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Attracting customers over winter print Print

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Doing business over winter can be a struggle, but with the gloomy weather comes a variety of opportunities for businesses keen to try new ways of attracting business.

The thought of winter has an extra chill for some business owners who worry about bringing in customers in bad weather. But it needn’t be a winter of discontent. If you’re prepared to be creative about attracting business the coming months can be a time to get a jump on your competitors.

Hospitality and retail outlets, in particular, count on people to walk through the door, even when the weather seems to be screaming at them to tuck up at home. To avoid a freeze in your income, it’s time to find new ways to lure customers out in rain, sleet and occasionally snow. If you can, you might just get a head start on the competition.

A good first step is to take another look at your point of difference. Being cheaper than other businesses might be enough in summer, but if you’re located away from a major shopping area, with limited parking, you could find customers go elsewhere in winter.

Here are our five top tips for firing up your business over winter.

1. Winter-proof your business premises

The first thing you should focus on is winter-proofing your business to make it easy and comfortable for customers to shop with you, regardless of the weather. Do you have sufficient heating and insulation? How about clear signage that can be read easily in poor weather and low light?

For cafés, bars or restaurants that rely on outdoor areas, gas heating or a cover from the rain can be a great investment. Some establishments offer patrons blankets or even hot water bottles with their food or drinks.

2. Lure them in

Think from a customer’s point of view and create a 'hook', or an extra perk, to differentiate you from competitors and get them in the door.

What appeals to your customers most: Your location? General convenience? A unique approach to customer service? Your product range or price?

Here are some hooks that you can communicate to customers:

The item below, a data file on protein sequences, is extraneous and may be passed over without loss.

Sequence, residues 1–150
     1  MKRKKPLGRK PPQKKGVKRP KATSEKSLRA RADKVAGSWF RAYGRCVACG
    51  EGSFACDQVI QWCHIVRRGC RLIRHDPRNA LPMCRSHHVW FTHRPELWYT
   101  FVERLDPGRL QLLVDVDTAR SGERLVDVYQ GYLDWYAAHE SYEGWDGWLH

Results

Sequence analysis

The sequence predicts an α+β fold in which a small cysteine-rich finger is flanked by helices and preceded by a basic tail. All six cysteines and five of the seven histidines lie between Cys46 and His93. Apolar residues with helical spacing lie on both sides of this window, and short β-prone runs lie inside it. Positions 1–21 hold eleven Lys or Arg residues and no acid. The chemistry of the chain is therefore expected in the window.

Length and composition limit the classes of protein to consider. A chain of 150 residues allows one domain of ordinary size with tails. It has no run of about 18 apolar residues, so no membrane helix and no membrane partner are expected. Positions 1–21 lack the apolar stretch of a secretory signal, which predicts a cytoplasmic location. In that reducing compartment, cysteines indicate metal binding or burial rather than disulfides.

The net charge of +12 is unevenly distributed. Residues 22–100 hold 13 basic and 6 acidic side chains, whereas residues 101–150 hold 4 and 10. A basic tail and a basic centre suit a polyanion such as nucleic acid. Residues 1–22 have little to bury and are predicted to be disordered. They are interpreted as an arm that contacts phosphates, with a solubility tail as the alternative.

• Easy parking. If customers can pull up at your door they may choose you over a chain stores in a busy mall.
  • Free delivery of products that could be damaged if carried in bad weather
  • Special seasonal deals for hospitality businesses or winter giveaways - such as a free muffin with every two coffees or a prize draw for in-store purchase.

3. Take your business to your customers

Your customers may be tucked up at home, but reach out and grab their attention with an e-newsletter with special offers, or stimulate their interest through your social media pages. 

Being set up to take orders online or by phone is an obvious advantage. You can add to this by offering free or discounted delivery.

You can also take your business to your customers by sending them marketing material in the post (direct mail). For big-ticket items, it may be worth offering home demonstrations.

4. Collaborate with other businesses

Don’t battle alone if there are other firms in the same boat that you could work with for mutual benefit. Can you team up to provide winter-themed special offers, discounts or package deals that boost sales for all concerned? It could be something like a discount on ski passes when customers buy skis or a winter jacket.

Finally, if business still hasn't picked up, make the most of your spare time by updating your marketing material, researching new products, getting your books up to scratch, or planning your spring sale.

5. Use your time

You may still find you have some quiet spells despite all your efforts, but even this can have an upside. It could be a chance to hit activities you struggle to fit in at other times of the year: reviewing your business plan, reviewing your cash flow forecast, or updating your website and other marketing materials.

If you take advantage of these opportunities, you'll see that winter isn't such a bad season for business after all!

And if you're after more tips, check out out article, 5 ways to get the most out of seasonal trading.

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